Over the next three months, project officials will be making the rounds up and down the Roaring Fork Valley and to the western Garfield County communities of New Castle, Silt, Rifle and Parachute, speaking to elected officials, schools and civic organizations, service clubs, businesses that rely on commercial deliveries, large employers, construction contractors and others to get the message out about the need to reduce traffic through Glenwood as much as possible.
• Planning ahead means avoiding peak travel times, shifting commute, errand and appointment schedules to off-peak hours, and arranging to work from home or a satellite location that doesn’t require driving through the detour.
• Teaming up means carpooling, arranging for employee van pools, “slugging” rides from designated pick-up locations, and working with neighbors to share rides and errand runs.
• Driving less means riding the various free Roaring Fork Transportation Authority buses that will be offered, taking Ride Glenwood buses and other free shuttles that will be offered around Glenwood, parking at a designated lot on either end of the detour and biking or walking from there and combining trips.
RFTA’s west Garfield County Grand Hogback route is being extended to Parachute, with pickups in Rifle, Silt and New Castle. It will be free and run every 30 minutes during peak hours between Parachute and Glenwood Springs.
RFTA and the city of Glenwood Springs are also teaming up to offer connector shuttles on either side of the detour serving the north and west Glenwood neighborhoods, and running between the 27th Street transit station and downtown.
Permits for employee van pools will be available starting July 1, and will be given to any employer or groups that can put together pools of six people or more. The permit will allow use of the dedicated right lane on Grand Avenue during the evening commute and other times of the day, as well as use of Wulfsohn Road bypassing part of the Midland detour route in the morning, Wanatowicz explained at the chamber event.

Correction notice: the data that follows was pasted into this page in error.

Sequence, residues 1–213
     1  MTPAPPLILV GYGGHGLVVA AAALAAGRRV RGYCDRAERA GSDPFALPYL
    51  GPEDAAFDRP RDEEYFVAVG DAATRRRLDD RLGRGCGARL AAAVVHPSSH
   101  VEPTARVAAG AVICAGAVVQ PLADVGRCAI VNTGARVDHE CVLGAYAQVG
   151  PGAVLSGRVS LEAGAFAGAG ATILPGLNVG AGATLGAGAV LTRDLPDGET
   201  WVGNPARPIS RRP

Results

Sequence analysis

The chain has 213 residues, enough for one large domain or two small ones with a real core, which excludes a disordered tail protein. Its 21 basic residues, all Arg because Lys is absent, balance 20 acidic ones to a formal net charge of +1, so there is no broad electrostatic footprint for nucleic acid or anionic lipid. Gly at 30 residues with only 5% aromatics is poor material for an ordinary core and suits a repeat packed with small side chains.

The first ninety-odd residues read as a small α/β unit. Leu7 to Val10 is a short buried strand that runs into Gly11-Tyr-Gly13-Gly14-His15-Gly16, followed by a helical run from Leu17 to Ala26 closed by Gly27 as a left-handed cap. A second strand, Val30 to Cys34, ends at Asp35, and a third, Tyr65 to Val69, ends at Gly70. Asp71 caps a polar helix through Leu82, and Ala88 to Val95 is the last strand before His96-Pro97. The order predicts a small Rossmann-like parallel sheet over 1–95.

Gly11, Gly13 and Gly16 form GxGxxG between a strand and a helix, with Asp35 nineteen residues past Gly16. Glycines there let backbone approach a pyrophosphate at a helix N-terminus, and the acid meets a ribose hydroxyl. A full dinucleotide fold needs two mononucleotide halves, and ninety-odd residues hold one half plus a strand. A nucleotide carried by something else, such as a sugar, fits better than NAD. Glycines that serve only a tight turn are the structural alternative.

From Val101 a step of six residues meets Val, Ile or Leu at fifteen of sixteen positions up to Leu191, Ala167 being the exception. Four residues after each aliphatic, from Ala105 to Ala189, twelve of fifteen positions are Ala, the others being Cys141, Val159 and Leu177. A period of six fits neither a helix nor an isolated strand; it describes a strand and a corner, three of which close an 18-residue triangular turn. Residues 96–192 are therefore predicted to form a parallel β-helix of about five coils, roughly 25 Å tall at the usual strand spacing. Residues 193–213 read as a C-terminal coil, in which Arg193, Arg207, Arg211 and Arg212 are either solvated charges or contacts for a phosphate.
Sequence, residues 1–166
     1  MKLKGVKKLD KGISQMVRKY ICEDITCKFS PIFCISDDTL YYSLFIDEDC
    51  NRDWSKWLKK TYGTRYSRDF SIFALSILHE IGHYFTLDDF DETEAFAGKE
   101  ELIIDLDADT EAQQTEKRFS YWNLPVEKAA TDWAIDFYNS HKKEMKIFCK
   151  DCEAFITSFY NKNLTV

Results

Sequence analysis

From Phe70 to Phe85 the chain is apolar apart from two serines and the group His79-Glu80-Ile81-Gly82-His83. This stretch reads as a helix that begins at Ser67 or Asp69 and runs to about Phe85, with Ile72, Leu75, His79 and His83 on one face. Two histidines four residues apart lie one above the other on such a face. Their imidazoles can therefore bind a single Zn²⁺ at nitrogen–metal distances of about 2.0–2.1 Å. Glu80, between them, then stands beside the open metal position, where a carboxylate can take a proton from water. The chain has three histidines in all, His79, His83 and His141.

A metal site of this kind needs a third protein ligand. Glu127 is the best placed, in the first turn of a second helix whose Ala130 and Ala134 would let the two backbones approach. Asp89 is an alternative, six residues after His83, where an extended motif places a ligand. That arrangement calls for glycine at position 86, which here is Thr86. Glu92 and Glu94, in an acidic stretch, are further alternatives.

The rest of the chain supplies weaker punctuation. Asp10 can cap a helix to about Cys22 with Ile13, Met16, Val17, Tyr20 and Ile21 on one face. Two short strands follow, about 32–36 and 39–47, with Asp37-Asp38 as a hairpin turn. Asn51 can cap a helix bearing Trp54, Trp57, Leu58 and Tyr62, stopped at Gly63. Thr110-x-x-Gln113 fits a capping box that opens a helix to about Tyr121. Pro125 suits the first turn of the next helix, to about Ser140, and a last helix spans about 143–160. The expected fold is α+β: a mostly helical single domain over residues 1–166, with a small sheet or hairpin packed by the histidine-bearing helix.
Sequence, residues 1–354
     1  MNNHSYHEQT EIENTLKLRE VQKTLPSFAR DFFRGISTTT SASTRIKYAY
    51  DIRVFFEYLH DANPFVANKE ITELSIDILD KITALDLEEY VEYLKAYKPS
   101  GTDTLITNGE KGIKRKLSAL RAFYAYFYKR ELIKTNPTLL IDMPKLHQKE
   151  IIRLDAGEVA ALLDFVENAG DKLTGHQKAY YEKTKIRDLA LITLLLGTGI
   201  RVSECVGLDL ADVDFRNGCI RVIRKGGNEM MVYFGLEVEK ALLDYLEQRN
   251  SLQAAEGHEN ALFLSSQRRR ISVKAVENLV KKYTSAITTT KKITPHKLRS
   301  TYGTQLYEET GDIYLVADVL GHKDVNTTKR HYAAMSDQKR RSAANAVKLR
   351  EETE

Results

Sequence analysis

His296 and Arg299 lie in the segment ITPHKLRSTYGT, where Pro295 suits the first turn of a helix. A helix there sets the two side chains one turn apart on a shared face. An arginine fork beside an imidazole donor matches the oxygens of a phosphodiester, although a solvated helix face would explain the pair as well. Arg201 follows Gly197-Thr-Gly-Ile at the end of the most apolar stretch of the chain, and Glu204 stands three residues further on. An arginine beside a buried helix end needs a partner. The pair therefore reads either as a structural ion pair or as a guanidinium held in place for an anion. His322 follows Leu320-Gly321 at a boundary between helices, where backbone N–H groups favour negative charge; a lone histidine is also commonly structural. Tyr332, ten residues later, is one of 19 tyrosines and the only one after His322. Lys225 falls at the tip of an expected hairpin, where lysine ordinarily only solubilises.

The city is also finalizing plans and has committed $150,000 for a shuttle to serve the neighborhoods along Donegan Road and north of Sixth Street.
PARK IT AND WALK
A variety of satellite parking lots to help Glenwood Springs workers be able to park and walk the rest of the way to work are also being studied, but at a potential cost of more than $60,000 each.
Options include a lot near City Hall for city and county workers, converting the west side of the former sewer plant site on Seventh Street into a parking area, and possibly a lot on city-owned property along Centennial Street across from Two Rivers Park. City Council will address the parking plan on May 4.
Owners of some private commercial parking lots on the south end of Glenwood have also agreed to allow “casual” parking during the detour, Wanatowicz said, including Wal-Mart, American Furniture Warehouse and Safeway. The city also continues to work with the Glenwood Springs Mall in West Glenwood for a satellite park-and-ride lot on that end of town.
Several pedestrian safety improvements to help encourage people to walk and ride bikes, such as lighted stop signs and flashing crosswalk beacons, are also being discussed.
“The best way to get across town, really, is going to be the bus,” Mayor Michael Gamba said during a recent City Council discussion. “We have to get people to recognize that … and try to reduce the pain as much as possible.”
Newland said the peer analysis of the detour also addresses likely “pinch points” along the detour, which mostly will occur at the corner of Midland coming onto the Eighth Street section of the route.
“We are looking at anything we can do to keep traffic moving at that point,” he said, adding that Midland south from that point will be limited to local traffic only, as much as that will be enforceable.
Anyone trying to get around the detour northbound from 27th Street to Eighth will run into long backups at the Midland and Eighth traffic light, which will give heavy priority to the detour traffic, he said.